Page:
The Cook Islands Fruit-dove Ptilinopus rarotongensis is classified as ‘Vulnerable (VU)’ in the IUCN Red List of Threatened Species. It is endemic to the Cook Islands, and now only occurs on the islands of Rarotonga and Atui (BirdLife International 2008). The population is estimated at 250-999 mature individuals (BirdLife International 2011).
On Rarotonga, it is commonest in hillside and upland forest, often visiting the horticultural lowland areas. On Atiu, it is found in a wide variety of wooded habitats, including the fringes of plantations as well as forest growing on the makatea (a raised coral limestone platform) (BirdLife International 2011).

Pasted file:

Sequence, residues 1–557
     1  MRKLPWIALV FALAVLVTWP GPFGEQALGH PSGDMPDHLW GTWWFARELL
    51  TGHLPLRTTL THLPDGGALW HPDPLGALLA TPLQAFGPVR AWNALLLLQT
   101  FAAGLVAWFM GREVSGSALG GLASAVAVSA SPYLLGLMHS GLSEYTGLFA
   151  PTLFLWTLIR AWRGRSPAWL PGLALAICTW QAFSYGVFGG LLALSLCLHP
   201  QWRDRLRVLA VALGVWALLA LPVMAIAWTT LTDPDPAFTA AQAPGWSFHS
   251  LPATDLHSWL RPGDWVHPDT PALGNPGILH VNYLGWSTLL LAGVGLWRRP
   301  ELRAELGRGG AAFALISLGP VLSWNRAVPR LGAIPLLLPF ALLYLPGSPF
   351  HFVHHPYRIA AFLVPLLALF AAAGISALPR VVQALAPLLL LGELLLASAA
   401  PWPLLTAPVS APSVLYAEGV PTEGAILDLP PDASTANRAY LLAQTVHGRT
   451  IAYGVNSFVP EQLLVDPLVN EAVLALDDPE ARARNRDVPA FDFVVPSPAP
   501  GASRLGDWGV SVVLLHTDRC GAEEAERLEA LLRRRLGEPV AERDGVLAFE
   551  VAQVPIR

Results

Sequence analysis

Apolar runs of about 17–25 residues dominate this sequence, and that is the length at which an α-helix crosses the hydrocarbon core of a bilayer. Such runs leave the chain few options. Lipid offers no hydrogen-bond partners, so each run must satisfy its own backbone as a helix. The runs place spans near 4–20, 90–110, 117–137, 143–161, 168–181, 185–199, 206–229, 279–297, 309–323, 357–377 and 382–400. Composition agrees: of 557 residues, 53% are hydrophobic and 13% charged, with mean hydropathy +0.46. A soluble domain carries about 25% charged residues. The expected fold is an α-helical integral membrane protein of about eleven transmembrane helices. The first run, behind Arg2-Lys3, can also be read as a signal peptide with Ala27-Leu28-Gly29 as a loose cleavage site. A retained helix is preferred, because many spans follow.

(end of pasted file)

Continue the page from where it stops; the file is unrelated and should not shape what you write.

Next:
The Black rat (Rattus rattus) occurs on Rarotonga but does not appear to pose any threat to this species. The introduced Common Myna (Acridotheres tristis) which is likely to reduce nesting success of this species in horticultural and village areas, but does not penetrate into heavily forested areas. Introduced exotic avian diseases are also potentially a threat to the Cook Islands Fruit-dove (BirdLife International 2011).